Companies wishing to start a master data management (MDM) project may be unsure where and how to begin. After all, MDM is a journey -- and success or failure at the first step either defines or dooms the further evolution of the project. Recently, industry analysts have been recommending a cautious approach to starting with MDM -- suggesting that companies start with a single data type (such as customer data), implement MDM using a small footprint (such as registry style), or deploy MDM solely with a data warehouse to improve reporting. These technology-focused approaches reduce project risk and relieve the data-governance burden.
Companies may readily adopt these approaches as perfectly reasonable starting points, followed by a more risk-averse approach to their initial MDM implementation in hopes of mitigating risks. However, these same approaches may limit the potential return on investment (ROI) from MDM since they do not attempt to solve the most pressing and difficult business problems.
Beware of Technology-Focused Starts
A nearsighted focus only on the technology aspects of MDM may ultimately lead to minimal business adoption and therefore severely constrain the business ROI. Restricting MDM to a single master data type, such as customer data, may constrain the overall usefulness of the MDM solution. Further, confining MDM to a registry style may make it difficult to solve hard business problems, and restricting MDM to analytical usage may limit the business value.
Taking a technology-focused approach may enable your organization to get started with MDM quickly, but it may not effectively solve the difficult business problems or deliver the requisite business value. In fact, the resulting solution more readily runs the risk of being perceived by business users as yet another disappointing technology initiative unable to address their business needs. That kind of reception will make it increasingly difficult to further evolve or extend the solution -- boding either a premature death for the enterprise MDM initiative or, even worse, an inability to get out of the starting gate in the first place.
It's also important to note that some MDM vendor solutions only support a single architecture style (such as registry) or can only be deployed for a single usage (either operational or analytical). These solutions simply cannot be extended to other architectural styles or another usage mode, severely limiting their usefulness in addressing the most challenging of business problems. In addition, a technology-centric start will not fulfill the most important needs around master data governance.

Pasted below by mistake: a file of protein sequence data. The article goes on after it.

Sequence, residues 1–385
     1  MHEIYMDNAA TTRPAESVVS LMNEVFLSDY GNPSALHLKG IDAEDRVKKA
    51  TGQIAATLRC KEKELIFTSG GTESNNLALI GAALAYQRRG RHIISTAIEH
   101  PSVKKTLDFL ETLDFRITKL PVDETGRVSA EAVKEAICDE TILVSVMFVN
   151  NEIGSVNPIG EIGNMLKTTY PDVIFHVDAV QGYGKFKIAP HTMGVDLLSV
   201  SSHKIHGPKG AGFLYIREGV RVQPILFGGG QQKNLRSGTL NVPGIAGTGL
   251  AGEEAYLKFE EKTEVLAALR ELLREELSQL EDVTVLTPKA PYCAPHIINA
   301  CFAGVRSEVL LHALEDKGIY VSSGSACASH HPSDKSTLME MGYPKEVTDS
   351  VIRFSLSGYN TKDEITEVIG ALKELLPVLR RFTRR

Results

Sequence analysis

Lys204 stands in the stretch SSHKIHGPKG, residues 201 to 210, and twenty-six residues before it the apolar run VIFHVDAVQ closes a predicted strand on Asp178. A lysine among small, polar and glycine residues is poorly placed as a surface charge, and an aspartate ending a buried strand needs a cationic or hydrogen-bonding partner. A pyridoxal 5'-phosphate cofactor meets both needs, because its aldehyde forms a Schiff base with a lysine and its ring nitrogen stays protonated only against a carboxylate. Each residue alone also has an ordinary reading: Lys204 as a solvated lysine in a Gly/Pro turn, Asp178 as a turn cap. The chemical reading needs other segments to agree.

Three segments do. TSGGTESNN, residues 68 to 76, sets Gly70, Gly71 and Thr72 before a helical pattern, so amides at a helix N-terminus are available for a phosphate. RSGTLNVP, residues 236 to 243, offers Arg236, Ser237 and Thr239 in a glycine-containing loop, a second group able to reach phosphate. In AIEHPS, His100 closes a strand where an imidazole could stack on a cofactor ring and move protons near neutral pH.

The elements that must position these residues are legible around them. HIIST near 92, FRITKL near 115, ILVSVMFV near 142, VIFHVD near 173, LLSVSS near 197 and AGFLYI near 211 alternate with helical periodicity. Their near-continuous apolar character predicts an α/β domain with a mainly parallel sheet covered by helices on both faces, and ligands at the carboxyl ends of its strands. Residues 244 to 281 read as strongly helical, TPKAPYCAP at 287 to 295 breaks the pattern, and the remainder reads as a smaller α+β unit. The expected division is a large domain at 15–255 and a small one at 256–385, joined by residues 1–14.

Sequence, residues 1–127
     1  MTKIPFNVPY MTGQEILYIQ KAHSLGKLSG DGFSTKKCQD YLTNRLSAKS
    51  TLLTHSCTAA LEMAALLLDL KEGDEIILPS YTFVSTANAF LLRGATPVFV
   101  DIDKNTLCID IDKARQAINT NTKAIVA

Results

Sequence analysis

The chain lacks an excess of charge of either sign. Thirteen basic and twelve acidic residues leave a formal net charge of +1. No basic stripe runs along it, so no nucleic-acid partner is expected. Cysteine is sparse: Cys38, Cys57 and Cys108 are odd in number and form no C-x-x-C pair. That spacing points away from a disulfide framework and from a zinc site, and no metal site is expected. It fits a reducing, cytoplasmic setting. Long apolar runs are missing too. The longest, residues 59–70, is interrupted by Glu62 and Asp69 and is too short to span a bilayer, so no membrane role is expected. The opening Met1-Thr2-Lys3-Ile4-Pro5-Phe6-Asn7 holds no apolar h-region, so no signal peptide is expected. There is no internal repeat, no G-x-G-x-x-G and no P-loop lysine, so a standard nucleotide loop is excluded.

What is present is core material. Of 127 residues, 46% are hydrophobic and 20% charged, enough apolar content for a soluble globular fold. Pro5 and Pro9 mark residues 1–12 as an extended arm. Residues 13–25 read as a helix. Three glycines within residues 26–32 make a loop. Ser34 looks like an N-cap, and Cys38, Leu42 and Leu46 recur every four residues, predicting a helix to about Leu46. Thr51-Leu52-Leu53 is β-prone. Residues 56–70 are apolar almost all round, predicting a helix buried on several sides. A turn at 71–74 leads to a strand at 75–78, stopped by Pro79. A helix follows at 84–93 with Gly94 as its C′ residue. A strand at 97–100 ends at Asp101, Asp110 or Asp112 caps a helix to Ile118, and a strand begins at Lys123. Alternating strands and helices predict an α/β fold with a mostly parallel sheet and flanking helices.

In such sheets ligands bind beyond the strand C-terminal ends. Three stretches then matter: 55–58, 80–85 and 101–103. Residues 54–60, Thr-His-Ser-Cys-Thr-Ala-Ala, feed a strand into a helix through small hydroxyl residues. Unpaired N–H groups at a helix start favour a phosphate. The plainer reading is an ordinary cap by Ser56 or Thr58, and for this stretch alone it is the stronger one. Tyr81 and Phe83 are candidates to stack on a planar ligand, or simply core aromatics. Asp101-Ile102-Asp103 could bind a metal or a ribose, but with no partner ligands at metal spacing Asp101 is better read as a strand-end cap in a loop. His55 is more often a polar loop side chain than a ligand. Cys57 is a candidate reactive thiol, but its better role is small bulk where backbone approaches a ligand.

Start with the Business in Mind
MDM is more precisely about solving business problems by efficiently managing master data that is critical to a company’s business operations. Consequently, the "right" way to implement an MDM solution depends foremost on which business problems are being tackled. Only a business-focused approach can provide a complete MDM solution that addresses the specific business problem, provides tangible business value, and delivers significant ROI in a short-term time frame. How to get started? A pragmatic place to begin is to answer these three questions:
The Right Start Ensures an Initial MDM Win
- Which business problems need to be tackled?
- What is the business use?
- What are the business requirements for master data governance?
What becomes obvious from answering these questions is that MDM will almost always require a multi-entity deployment (such as customer and product), and an architectural style that is not restricted to registry alone. In most instances, synchronization with both operational and analytical systems may also be essential to effectively address the specific business needs of your organization.
By taking a business-focused approach to MDM, you can provide a complete solution to the most challenging of business problems -- using only the required master data, implemented with the correct solution architecture, deployed for the correct business use, and reliant on the correct data-governance structure. Starting with a defined business problem allows you to start small -- that way, success can be demonstrated before expanding the solution to other business units, geographies, or divisions. Once business users experience the benefits of an MDM solution they will more readily support its use in other areas -- paving the way for an enterprise MDM solution.
About the author
Ravi Shankar is director of product marketing at Siperian, an award-winning provider of a flexible master data management platform. For more information, contact the author at firstname.lastname@example.org or visit www.siperian.com.
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